Is it the epilogue or the prologue.

on Monday, November 3, 2008

LIKE MANY OF THE recent ones that have gone before it, 2008 has been a year of fearfully ugly conversations. Sixty years on, as the pieties of a hardwon freedom have faded from view, the idea of India has come to be fought over in increasingly violent terms. Majority versus minority. Hindutva versus Soft Hindutva. Right versus Left. Left versus Far Left. Caste versus Scheduled Caste. Shining India versus Simmering India. Liberals versus Neo-liberals. State versus State. The Centre versus the Rest. And Jihad against it all. Right action has long been forfeited in India. Now, in an increasingly fractured polity, as power becomes ever more difficult to come by, most public figures have dropped even the fig-leaf of temperate speech. Shoot them, burn them, pay them back in the same coin, our leaders urge us. And maddened by their calling, maddened by the absence of the rational voice, like insane flocks behind insane shepherds, we rush to bloody our meadows.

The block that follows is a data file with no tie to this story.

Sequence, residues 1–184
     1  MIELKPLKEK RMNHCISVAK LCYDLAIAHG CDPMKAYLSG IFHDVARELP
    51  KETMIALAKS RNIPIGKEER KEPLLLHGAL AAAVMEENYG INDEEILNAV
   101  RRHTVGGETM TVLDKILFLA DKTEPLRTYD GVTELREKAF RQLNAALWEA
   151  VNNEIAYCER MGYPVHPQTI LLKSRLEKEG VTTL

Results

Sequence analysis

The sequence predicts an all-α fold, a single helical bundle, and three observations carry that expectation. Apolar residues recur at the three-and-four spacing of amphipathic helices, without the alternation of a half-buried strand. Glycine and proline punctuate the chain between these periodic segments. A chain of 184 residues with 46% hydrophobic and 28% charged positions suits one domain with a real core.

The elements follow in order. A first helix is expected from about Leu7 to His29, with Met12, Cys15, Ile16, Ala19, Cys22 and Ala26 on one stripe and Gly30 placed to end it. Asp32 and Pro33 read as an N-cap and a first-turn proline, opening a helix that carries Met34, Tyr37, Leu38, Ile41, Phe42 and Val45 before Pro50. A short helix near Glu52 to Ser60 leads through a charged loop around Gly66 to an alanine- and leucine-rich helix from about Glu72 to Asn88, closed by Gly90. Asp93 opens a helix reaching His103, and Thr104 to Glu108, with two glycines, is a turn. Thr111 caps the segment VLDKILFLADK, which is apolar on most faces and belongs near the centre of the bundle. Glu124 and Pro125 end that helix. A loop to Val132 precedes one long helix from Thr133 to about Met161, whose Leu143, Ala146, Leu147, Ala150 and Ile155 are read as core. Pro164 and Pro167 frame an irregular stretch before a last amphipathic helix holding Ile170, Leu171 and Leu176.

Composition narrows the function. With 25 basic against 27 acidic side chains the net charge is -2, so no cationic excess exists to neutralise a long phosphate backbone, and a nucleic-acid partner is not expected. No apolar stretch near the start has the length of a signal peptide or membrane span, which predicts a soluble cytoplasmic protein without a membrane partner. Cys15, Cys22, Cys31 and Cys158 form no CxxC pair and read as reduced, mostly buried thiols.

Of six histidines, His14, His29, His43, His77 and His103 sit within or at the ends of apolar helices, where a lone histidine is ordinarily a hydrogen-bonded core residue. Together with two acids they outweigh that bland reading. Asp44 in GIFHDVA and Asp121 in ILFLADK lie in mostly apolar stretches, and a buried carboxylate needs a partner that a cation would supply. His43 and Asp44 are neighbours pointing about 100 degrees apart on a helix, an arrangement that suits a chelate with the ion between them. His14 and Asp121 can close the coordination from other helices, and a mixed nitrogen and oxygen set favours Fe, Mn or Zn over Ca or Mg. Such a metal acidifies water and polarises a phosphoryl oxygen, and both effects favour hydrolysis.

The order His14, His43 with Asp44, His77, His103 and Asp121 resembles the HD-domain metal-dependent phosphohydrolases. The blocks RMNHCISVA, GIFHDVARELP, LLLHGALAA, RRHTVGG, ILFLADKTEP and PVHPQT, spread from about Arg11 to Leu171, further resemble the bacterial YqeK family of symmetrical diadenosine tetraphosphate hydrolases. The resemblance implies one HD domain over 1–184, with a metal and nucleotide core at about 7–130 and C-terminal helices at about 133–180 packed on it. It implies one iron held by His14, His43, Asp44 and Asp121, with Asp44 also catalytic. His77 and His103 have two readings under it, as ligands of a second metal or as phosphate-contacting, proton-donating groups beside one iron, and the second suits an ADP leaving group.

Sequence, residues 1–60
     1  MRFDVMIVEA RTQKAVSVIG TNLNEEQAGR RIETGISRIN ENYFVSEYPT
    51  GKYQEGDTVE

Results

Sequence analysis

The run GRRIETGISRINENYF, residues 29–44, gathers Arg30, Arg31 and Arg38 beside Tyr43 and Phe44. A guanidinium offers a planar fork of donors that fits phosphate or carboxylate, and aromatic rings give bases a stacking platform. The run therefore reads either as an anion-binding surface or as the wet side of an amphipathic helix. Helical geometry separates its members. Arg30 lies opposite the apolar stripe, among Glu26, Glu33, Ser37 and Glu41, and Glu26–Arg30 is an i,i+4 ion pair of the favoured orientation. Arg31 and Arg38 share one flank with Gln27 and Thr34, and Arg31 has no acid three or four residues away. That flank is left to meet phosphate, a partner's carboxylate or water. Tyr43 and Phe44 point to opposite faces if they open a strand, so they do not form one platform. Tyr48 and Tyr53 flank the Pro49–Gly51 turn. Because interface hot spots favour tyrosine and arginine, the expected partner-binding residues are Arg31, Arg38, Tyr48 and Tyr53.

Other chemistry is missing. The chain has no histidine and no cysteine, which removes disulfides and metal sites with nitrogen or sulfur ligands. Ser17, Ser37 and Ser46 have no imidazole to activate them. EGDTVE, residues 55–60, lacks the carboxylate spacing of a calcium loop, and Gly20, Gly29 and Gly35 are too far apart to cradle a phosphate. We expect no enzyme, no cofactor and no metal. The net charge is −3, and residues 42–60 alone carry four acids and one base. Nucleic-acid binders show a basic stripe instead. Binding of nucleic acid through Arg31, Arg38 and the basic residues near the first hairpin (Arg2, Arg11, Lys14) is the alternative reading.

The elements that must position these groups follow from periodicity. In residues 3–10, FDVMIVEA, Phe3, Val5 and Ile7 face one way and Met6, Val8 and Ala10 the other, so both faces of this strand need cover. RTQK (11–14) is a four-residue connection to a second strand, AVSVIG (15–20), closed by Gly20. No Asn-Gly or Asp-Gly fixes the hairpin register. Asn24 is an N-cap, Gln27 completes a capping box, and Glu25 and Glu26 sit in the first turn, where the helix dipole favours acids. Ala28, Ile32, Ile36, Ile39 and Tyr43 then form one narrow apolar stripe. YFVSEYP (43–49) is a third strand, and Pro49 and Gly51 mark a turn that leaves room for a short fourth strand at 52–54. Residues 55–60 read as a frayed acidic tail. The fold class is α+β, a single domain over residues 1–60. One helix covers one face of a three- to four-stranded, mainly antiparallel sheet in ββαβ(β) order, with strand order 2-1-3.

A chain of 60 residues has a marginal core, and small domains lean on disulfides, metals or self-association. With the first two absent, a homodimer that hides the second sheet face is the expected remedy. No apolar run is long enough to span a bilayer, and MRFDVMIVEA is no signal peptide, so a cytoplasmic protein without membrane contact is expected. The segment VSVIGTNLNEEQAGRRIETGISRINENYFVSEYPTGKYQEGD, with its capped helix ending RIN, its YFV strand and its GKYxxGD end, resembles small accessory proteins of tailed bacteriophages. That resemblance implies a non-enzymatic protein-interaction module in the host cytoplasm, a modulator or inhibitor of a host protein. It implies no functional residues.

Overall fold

What is this sense of rage and hate and injury driving us all? Are there embryonic seeds of genuine grouse beneath all the aggravated rhetoric? Are there real issues to be picked out of the violence swirling around us and examined in calmer, more neutral light? Fixed positions and an unbending sense of righteousness make one dangerously opaque. What makes extreme
views most dangerous is that they are only the amplified face of a vast middle ground that thinks it feels the same injuries. It is a suicidal vanity, then, to label others and stop listening. Provocations, a series of interviews with stakeholders in the ideas of India, speaks to people across trench-lines. Airing our prejudice, triggering conversation. And, with luck, introspection.